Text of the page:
Did you know that more than half of the sugar produced in the U.S. comes from sugar beets? Unlike tropic-loving sugar cane, sugar beets can be grown in temperate climates, such as the American Midwest and certain Canadian provinces. An estimated 98% of the 1 million+ acres of North American farmland planted with sugar beets are genetically modified.
Numbers like this place sugar beets firmly on the Non-GMO Project Standard High-Risk List, ensuring that ingredients derived from these crops receive additional scrutiny during the verification process to ensure they came from non-GMO sources.
Here's what you need to know about this high-risk crop.
About a beet
Sugar beets are part of the flowering plant family, Beta vulgaris, and are closely related to leafy chard and red and gold table beets. However, sugar beets are the only family member that is widely-available as a GMO; there are no genetically modified table beets or chard on the market at this time.
The sugar beet was originally grown as a garden vegetable and fodder for domestic animals. During the 18th and 19th centuries, traditional crossbreeding techniques were used to maximize sugar beet's sucrose content, which led to the emergence of the commercial sugar beet market.
In 2008, Monsanto released "Roundup Ready" GMO sugar beets which could withstand multiple weedkillers applications without damaging the main crop. GMOs quickly took root. Today, they are nearly ubiquitous in the North American sugar beet industry.
Courts take a beet
The same year GMO sugar beets hit the landscape, a group of concerned stakeholders filed a lawsuit challenging the USDA's deregulation of the crop. The suit, which was filed by the Center for Food Safety, Sierra Club, Organic Seed Alliance and High Mowing Seeds, alleged the deregulation was unlawful because the USDA had failed to complete an environmental impact statement.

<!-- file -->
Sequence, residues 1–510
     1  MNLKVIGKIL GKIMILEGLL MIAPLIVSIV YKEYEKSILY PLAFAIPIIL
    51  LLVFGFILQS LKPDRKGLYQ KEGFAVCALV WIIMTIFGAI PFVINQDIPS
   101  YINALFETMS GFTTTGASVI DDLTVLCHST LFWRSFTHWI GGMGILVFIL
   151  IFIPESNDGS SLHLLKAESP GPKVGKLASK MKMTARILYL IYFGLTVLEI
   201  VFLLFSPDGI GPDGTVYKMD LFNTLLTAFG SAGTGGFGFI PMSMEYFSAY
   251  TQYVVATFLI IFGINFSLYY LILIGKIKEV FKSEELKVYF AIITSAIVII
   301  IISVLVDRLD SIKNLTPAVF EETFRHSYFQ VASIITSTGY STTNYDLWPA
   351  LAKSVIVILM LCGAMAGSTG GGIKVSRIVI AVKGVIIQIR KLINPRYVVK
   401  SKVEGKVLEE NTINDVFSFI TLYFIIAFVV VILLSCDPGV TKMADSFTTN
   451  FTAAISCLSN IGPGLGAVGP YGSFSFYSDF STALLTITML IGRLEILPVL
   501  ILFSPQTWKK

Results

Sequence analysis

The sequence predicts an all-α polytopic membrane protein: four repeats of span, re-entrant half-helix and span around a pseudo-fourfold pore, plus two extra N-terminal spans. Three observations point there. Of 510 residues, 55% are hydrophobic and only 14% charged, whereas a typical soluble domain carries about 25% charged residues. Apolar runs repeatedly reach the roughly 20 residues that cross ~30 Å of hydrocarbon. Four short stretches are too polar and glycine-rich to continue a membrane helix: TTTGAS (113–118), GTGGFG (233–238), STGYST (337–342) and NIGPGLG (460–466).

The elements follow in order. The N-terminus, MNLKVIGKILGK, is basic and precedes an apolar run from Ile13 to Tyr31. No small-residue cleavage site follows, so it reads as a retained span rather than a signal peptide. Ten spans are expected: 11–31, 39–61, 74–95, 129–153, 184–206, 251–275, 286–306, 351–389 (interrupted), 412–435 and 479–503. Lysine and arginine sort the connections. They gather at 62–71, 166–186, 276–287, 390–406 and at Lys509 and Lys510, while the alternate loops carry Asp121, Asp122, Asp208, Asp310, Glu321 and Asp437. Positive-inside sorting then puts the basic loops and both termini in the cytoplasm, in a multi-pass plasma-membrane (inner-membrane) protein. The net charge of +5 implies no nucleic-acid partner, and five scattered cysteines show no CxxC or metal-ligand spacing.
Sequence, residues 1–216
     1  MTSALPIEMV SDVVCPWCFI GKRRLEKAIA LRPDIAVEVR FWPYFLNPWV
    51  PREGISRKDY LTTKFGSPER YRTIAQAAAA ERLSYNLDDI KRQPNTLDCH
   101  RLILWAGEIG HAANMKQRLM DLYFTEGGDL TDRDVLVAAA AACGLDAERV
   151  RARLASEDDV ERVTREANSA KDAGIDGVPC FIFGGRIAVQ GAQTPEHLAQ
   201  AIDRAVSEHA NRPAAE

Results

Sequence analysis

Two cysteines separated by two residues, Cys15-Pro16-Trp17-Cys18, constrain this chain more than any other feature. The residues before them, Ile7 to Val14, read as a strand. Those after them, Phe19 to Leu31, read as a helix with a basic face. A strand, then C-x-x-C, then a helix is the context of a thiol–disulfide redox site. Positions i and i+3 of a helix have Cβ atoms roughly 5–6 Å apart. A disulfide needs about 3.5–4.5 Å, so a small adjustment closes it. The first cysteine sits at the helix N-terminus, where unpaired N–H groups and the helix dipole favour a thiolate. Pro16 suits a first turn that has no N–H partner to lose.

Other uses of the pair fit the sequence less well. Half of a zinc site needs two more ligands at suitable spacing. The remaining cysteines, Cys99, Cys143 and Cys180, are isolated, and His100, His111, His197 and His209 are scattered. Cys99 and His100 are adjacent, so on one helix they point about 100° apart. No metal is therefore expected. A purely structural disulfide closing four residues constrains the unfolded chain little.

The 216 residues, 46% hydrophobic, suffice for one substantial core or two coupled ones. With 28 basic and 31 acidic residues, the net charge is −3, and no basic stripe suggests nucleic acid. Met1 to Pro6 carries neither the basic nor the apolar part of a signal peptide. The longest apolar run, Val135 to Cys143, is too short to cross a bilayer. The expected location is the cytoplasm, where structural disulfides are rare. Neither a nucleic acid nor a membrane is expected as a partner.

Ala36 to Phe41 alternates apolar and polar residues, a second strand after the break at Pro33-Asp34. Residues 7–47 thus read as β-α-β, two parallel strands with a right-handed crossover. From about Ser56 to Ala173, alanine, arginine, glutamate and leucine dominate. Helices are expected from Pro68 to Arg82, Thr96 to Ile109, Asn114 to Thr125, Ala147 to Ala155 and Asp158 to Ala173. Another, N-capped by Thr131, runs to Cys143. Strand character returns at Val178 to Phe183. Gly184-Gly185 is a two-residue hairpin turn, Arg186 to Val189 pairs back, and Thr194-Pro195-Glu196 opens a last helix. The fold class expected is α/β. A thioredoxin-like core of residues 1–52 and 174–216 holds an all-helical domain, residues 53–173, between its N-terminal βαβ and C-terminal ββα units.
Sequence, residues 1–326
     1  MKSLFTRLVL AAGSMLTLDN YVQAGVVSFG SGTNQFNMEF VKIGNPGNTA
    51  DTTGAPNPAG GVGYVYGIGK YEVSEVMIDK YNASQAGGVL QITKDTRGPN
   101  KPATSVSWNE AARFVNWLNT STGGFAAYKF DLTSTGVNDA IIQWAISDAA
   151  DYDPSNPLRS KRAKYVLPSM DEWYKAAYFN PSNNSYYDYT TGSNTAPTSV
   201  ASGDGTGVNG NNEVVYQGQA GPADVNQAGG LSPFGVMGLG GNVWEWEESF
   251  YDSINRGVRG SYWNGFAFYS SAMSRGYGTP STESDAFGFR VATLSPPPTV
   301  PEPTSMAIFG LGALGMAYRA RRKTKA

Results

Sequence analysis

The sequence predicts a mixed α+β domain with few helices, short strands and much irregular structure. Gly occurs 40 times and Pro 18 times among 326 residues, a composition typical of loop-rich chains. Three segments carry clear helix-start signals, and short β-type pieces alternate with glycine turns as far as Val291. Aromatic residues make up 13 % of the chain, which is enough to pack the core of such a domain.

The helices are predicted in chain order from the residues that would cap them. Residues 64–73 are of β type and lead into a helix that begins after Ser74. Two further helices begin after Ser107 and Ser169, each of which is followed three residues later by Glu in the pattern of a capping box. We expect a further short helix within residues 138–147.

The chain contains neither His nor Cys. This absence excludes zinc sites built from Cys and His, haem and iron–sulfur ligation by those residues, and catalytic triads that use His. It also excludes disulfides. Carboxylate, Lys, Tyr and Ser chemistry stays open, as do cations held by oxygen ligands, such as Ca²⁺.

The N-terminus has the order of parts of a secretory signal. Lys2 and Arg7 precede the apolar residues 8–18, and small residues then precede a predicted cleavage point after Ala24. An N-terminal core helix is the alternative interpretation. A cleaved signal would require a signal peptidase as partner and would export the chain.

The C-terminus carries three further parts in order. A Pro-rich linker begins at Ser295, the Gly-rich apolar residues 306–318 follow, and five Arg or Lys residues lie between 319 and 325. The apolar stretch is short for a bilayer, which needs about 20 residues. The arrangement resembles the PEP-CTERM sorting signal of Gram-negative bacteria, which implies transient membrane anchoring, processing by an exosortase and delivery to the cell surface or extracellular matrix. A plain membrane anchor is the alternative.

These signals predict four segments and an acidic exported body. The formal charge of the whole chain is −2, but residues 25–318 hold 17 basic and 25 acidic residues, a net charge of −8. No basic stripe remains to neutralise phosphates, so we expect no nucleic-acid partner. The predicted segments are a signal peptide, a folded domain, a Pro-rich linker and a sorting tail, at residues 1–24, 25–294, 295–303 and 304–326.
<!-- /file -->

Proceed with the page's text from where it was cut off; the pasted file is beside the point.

The path to resolution took several turns. Initially, a district court agreed with the plaintiffs, revoking the USDA approval and prohibiting the planting of genetically modified beets until an environmental impact assessment was completed. Despite the prohibition, the USDA provided temporary permits to some growers, leading to more litigation, and an order to destroy the illegally-planted sugar beet seedlings.
Ultimately, the district court's original ruling was overturned. The USDA issued new permits, conducted the environmental impact statement, and deregulated genetically modified sugar beets once again.
Despite legal challenges, Monsanto's sugar beet takeover was remarkably swift. A Grist article from 2010 notes that within two years of commercial release "the conventional [non-GMO] market has been essentially wiped out."
Sweet and sour
In 2022, the Bioengineered (BE) Food labeling law took full effect in the U.S., requiring BE disclosures on some products made from GMOs. While this law is intended to provide shoppers with information about GMOs, exemptions and loopholes mean that many products fall through the cracks. Sugar beets offer an excellent example.
Because sugar is highly refined, there is no testable DNA left in the final product. The BE labeling law doesn't require disclosures on products that do not contain detectable modified DNA — even if the sugar was derived exclusively from genetically modified sugar beets.
At the Non-GMO Project, we believe detectability isn't a sufficient trigger for labeling because it invalidates some perfectly valid reasons for choosing non-GMO. Some eaters are concerned that Roundup Ready GMOs lead to more glyphosate applications, biodiversity loss and superweeds. Others avoid GMOs because the patents and restrictive use agreements that govern them erode farmer rights and seed sovereignty.
No matter what drives the decisions you make at the grocery store, the Non-GMO Project is committed to protecting your (sweet) right to choose.